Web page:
The Court of Appeal yesterday issued it’s decision in the case by Mr Lloyd who is a champion of consumer protection against Google. We had commented on the first instance decision here. Mr Lloyd had sought permission to bring a representative, or class, action against Google. Mr Lloyd makes the claim on behalf of a class of more than 4 million Apple iPhone users. He alleges that Google secretly tracked some of their internet activity, for commercial purposes, between 9th August 2011 and 15th February 2012.
The application for permission to proceed was refused on a number of bases but the most significant were that none of the represented class had suffered “damage” under section 13 of the Data Protection Act 1998 (the “DPA”) and the members of the class did not have the “same interest” within CPR Part 19.6(1) so as to justify allowing the claim to proceed as a representative action. Google had argued that Mr Lloyd could not satisfy the “same interest” requirement and that the claim was “a contrived and illegitimate attempt to shoe-horn a novel “opt-out class action” into the representative action procedure”.
No need to prove loss
Unlike in a normal claim, Mr Lloyd did not seek to prove in each case that the alleged wrongful act caused a loss. Instead he claimed the same amount by way of damages on behalf of each person within the defined class without seeking to allege or prove any distinctive facts affecting any of them, save that they did not consent to the abstraction of their data.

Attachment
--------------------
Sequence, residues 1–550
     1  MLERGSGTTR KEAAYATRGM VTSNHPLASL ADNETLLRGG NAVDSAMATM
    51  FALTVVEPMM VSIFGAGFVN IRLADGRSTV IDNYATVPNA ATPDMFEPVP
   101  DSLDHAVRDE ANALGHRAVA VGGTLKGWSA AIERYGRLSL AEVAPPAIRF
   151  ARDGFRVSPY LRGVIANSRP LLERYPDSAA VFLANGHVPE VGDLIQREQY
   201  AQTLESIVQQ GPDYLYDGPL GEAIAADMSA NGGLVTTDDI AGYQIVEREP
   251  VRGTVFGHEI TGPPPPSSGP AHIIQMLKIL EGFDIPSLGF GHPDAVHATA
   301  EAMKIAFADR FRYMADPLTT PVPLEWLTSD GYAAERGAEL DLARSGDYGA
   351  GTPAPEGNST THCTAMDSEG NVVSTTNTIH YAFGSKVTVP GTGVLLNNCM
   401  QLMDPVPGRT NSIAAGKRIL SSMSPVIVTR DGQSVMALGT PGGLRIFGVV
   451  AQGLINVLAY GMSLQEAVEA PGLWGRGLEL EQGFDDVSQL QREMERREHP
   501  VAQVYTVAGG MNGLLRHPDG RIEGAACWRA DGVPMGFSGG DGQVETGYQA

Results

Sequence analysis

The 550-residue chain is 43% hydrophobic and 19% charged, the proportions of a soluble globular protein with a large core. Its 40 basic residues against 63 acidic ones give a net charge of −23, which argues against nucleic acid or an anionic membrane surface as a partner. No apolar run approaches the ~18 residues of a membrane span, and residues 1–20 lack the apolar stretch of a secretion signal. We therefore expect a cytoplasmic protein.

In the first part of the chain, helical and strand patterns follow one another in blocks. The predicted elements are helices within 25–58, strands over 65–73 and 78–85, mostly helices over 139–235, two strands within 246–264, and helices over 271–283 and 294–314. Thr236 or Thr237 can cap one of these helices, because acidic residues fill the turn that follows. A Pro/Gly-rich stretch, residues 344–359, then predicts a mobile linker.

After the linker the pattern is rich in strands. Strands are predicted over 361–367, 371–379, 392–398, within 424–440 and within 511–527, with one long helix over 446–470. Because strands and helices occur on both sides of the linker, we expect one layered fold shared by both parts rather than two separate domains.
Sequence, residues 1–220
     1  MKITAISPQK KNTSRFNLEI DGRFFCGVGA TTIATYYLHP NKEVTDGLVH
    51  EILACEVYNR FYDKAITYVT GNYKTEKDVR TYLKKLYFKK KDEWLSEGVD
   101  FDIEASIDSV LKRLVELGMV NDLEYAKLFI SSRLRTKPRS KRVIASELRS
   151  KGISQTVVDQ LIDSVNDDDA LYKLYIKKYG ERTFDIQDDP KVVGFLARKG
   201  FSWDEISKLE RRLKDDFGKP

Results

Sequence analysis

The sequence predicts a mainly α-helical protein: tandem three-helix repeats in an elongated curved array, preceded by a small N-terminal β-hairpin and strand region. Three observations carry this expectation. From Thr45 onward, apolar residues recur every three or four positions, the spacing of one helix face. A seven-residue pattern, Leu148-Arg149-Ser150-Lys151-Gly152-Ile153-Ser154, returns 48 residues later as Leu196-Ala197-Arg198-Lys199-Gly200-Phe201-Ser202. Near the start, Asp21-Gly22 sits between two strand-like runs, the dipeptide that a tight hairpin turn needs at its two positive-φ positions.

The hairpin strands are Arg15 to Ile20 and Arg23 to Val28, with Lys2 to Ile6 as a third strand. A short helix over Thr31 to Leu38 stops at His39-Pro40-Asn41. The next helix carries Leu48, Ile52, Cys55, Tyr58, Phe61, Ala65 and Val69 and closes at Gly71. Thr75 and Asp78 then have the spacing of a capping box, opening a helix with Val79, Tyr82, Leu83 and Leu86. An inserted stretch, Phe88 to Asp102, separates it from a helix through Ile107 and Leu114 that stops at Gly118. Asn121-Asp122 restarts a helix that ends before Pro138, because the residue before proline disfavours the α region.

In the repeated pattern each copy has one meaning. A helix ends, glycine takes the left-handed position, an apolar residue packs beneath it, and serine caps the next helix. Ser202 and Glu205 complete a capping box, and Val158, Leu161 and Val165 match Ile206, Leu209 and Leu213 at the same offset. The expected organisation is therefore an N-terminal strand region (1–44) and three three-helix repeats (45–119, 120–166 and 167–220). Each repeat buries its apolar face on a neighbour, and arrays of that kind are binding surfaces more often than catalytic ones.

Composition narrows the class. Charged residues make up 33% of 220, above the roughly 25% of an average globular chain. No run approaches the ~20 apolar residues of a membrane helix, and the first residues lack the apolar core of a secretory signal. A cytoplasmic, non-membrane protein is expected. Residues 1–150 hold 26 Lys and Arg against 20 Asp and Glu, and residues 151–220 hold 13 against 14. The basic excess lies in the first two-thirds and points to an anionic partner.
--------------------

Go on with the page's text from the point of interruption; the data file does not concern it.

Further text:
The Court of Appeal reversed the judge below and concluded that a claimant can recover damages for loss of control of their data under section 13 of the DPA without proving pecuniary loss or distress and that the members of the class that Mr Lloyd seeks to represent did have the same interest as one another and were identifiable.
The court relied on the decision in the phone hacking case of Gulati v. MGN Limited  EWCA Civ 1291 (CA) (“Gulati”) to decide that, if damages are available without proof of pecuniary loss or distress for the tort of misuse of private information, they should also be available for a non-trivial infringement of the DPA, as both claims are derived from the same fundamental right to data protection contained in article 8 of the Charter of Fundamental Rights of the European Union 2012/C 326/02 (the “Charter”): “[e]veryone has the right to the protection of personal data concerning him or her”.
The court was concerned to ensure that individuals be provided with an effective remedy for the infringement of data protection rights.
Class actions and litigation funding
This is an important decision that will be pored over by those involved with data protection, class actions and litigation funding and of course GDPR compliance. If it is possible to bring class actions for breaches such as this, and avoid the difficulty of proving loss in each case, then very substantial claims are likely to be brought, supported by litigation funders.
If you would like to discuss the implications of this judgement then please get in touch.